This was the very first open air painting I did in Italy. I walked about one block up from the Arrioto (block, they don’t really have blocks. There’s basically one road that runs through town and it may split off and run around a couple central buildings and then merge back together futher along). When I first saw the building I just stared at it for a while. It was just to the right of where the road split away like a Y, so all there was to sit on was the stoop of the building at the center of that Y (literally).
I always felt like I was in the way, though no one ever came out or entered that doorway. On my first day painting an older woman came by wearing a dress that came to mid shin, and a drab colored sweater. Her greying hair was pulled back in a low, loose bun with wisps that floated on the breeze. “Buon giorno,” she said smiling with her heavily lined cheeks. She watched over my shoulder a moment and then waved her hand in the direction of my subject and conversed as though she had as much interest in the building as I had. I smiled pleasantly although I couldn’t understand what she was saying. She complimented me as she walked away with her cloth shopping bag draped over her bent arm.
The next day another woman in a dress came by with a satchel of paperwork over her shoulder. She pulled out a brochure and handed it to me. It had something to do with art and architecture but it was all in Italian and she talked on about it pointing to pictures. I cursed myself for being such a naive midwestern farm girl. But there was no way I was going to be able to learn Italian in a couple weeks. The study of my phrase book helped when we were out to eat and looking at menus, but it was of no help to have been able to appreciate the people and information around us.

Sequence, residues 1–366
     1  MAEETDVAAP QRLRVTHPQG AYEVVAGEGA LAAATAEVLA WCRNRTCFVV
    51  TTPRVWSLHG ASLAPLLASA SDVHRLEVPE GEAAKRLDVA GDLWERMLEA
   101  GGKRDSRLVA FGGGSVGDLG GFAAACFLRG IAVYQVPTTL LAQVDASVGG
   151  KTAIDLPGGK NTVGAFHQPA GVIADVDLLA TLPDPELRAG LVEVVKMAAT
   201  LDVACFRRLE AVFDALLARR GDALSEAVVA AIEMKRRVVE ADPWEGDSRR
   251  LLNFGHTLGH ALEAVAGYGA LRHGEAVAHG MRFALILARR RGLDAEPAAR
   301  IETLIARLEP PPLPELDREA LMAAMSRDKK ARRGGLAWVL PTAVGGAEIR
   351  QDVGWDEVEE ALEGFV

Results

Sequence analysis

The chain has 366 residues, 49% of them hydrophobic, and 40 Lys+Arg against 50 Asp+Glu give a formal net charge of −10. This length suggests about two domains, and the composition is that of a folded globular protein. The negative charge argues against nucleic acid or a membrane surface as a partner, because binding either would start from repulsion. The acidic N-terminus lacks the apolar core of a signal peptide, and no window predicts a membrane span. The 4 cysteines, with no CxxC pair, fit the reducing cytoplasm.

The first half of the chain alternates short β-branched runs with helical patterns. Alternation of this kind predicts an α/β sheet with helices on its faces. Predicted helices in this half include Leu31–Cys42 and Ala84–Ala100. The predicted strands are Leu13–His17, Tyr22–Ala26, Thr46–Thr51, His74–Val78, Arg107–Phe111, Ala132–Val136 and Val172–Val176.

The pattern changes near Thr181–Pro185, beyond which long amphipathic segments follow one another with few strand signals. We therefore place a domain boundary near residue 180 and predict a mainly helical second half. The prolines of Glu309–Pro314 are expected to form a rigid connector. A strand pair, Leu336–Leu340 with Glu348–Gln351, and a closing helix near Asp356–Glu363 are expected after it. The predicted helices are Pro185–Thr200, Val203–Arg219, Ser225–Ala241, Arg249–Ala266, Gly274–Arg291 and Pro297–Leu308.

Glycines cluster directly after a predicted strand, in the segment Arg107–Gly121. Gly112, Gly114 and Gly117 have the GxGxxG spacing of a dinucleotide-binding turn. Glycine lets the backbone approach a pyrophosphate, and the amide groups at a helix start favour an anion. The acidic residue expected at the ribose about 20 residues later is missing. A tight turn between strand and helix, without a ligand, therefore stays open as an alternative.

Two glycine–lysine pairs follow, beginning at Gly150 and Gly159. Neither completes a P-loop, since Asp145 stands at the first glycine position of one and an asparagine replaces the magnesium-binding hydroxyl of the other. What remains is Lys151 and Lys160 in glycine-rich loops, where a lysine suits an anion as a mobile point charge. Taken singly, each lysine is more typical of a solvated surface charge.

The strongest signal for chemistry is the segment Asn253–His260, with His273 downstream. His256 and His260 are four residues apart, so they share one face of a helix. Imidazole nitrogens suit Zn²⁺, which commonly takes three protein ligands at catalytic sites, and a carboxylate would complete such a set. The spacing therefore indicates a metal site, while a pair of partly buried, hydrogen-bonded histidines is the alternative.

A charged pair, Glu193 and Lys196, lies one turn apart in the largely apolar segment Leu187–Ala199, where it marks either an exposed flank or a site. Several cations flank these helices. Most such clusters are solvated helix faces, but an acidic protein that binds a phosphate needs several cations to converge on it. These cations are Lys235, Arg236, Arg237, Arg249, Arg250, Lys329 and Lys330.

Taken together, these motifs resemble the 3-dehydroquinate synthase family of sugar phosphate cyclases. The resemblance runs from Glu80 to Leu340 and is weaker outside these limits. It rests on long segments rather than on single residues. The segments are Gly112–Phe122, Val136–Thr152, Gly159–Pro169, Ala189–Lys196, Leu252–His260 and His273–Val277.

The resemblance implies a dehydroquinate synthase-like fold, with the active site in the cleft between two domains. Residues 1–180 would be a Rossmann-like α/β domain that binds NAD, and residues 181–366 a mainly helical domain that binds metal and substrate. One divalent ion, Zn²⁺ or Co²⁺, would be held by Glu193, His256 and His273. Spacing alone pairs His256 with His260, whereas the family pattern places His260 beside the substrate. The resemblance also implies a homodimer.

On our very last day Glen and I dined for supper in the beautiful old part of the Arrioto. Our gracious host, Graciosa (spelling?pronunciation?) came to our table on the balcony to ask how our meal was so I showed her some paintings from my notebook. She cooed over her beloved Arrioto, and when I showed her the painting I had done on my first day and inquired as to any info about it she called it the Villa Demartini (spelling?) and went on about there being beautiful paintings all over the walls inside. I said “oh why didn’t you tell us that earlier, I would have loved to see them.” “Next time,” she said and moved away to her other guests.
Will there be a next time… who knows.
There are many more storys to share from Italy, and I will share them as I work on creating paintings and drawings from the stack of pictures that I took on our journey.